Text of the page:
I was certain of one thing going into Sunday's CFL game between the Saskatchewan Roughriders and the B.C. Lions: that Darian Durant would not let the Riders lose. I was confident in the team's ability to win, though not blinded to the possibility of a loss, but I knew that their quarterback would not be the reason for the loss. Three quarters of the way into the game, it looked like I might be partially right, as the Lions seemed destined to win, though through little fault of Durant's performance. It ended up that I was right, and I was personally inspired by how Durant led the Riders to victory. Allow me to recap how events unfolded in the last quarter of the game, forgiving the necessary football terminology, and then I will explain why it was so meaningful for me personally.
The Recap: Riders vs. Lions, November 10, 2013
The Riders had not played well for most of the game. Except for a drive near the end of the second quarter that resulted in a touchdown to Weston Dressler, it seemed like BC's game to lose. The Riders had not held the lead since the first quarter (3-0), and they were down 25-16 with five minutes to go in the third quarter. Things did not look good at that point, even as the team got the ball back at midfield. Durant fumbled a handoff to a teammate, and though he managed to recover it, it seemed like it might not happen for the Green and White; a few plays later, the team was stopped on a 3rd & 1 conversion for the first turnover of the game, and the loss that seemed improbable at first now loomed as inevitable. The defense forced a two-and-out, but it seemed like the win might already be a fait accompli for the Lions. Then something changed.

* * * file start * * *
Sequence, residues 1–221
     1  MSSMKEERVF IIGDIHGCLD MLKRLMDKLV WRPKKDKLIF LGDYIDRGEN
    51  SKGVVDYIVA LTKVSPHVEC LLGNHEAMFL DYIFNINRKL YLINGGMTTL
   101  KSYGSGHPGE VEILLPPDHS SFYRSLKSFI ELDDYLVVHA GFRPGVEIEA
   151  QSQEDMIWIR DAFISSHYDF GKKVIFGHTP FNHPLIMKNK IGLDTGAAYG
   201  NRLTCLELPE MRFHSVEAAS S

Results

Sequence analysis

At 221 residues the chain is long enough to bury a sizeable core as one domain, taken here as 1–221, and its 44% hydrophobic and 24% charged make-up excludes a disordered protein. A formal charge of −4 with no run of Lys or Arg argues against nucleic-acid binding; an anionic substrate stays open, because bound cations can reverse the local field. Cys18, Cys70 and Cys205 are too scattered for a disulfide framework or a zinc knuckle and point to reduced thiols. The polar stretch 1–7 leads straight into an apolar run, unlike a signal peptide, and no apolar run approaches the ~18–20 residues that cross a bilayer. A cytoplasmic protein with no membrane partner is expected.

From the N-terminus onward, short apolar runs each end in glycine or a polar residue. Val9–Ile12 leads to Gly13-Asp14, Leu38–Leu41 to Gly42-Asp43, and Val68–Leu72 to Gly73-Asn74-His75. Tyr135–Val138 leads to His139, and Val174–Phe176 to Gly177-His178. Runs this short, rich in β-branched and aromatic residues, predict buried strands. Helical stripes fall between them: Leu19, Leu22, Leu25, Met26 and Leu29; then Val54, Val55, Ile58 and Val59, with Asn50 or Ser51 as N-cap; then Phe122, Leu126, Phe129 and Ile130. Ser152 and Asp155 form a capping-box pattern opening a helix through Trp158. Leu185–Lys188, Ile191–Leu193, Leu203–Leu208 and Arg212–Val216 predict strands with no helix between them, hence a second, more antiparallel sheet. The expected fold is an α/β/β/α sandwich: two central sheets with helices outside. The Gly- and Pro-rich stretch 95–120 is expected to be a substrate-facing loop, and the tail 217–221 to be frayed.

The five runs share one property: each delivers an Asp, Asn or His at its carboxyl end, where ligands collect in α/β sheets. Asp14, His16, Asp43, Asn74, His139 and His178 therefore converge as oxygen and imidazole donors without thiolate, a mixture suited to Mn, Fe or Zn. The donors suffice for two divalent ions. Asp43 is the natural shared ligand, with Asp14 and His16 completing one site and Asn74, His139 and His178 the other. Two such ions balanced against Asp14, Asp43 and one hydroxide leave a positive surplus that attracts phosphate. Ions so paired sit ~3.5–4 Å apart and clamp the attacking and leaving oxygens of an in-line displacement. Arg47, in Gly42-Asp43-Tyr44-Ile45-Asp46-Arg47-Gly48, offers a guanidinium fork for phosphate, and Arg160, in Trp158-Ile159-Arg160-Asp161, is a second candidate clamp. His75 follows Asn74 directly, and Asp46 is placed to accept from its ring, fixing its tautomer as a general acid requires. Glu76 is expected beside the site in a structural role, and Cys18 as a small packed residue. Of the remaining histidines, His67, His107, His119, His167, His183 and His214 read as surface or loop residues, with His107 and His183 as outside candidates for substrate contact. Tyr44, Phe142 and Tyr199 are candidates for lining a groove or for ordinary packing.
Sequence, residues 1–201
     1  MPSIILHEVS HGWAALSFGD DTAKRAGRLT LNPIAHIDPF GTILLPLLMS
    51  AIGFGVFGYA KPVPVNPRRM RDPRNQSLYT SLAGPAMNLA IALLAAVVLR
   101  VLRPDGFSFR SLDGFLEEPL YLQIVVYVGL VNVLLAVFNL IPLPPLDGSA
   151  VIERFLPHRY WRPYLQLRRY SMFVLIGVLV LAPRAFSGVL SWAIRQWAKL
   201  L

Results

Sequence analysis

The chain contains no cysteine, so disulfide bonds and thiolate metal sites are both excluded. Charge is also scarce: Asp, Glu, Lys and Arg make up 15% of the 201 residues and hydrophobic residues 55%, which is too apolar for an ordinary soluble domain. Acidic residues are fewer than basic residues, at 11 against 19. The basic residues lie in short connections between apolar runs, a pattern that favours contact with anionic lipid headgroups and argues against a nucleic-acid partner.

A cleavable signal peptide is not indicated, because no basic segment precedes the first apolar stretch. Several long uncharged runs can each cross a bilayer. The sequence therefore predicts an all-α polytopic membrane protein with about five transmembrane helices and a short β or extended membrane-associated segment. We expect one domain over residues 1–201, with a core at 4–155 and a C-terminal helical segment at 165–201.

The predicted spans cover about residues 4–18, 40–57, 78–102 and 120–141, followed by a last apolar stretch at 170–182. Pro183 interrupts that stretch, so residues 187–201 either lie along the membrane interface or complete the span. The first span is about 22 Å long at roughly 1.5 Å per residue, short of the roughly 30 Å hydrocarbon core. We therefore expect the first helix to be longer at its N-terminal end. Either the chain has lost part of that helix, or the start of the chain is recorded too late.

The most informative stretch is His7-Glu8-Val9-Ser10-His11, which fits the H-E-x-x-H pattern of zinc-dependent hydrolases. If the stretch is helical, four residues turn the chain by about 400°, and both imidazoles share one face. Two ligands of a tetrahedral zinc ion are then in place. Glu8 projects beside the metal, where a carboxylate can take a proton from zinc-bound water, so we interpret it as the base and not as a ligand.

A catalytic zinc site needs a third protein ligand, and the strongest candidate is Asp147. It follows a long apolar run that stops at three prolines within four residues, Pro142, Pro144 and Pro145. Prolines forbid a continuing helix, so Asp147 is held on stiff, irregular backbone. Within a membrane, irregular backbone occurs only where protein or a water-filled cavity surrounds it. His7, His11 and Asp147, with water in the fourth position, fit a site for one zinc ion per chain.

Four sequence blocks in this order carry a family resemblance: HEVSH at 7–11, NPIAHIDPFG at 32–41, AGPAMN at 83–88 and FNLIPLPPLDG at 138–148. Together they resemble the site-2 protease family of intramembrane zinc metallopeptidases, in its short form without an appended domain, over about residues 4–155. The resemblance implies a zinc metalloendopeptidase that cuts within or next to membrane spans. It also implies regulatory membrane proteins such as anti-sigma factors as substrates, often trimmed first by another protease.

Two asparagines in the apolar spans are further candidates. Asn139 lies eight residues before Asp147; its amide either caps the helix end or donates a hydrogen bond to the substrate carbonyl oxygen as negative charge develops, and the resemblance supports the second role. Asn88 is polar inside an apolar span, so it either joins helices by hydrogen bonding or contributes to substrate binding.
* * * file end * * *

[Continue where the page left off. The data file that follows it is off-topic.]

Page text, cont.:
On the last play of the third quarter, on 2nd down with nine yards to go, Durant pulled off a quarterback draw and ran up the middle to get 15 yards and a first down. Two plays later, after an incomplete pass left the team facing 2nd and 10, Durant called the same play and ran for 35 yards to put the Riders in prime position for a touchdown, which Durant delivered moments later in a pass to Dressler, leaving the Riders trailing by two points. After a five-and-a-half minute drive resulted in a field goal for the lead, Durant successfully rushed on 2nd and long twice more in the final minutes to extend his team's drives and ultimately secure the win. His final numbers were telling: 19 of 23 for 270 yards and 2 touchdowns to go along with 97 yards rushing, including 76 in the fourth quarter alone (91 if you include the run to end the third quarter). Durant decided not to let the team lose, and they didn't. He needed a lot of help along the way - two touchdowns by Dressler and five field goals by Chris Milo, along with a shutdown of the Lions' offense by the Riders' defense - but Durant was the inspiration for the rest of the team.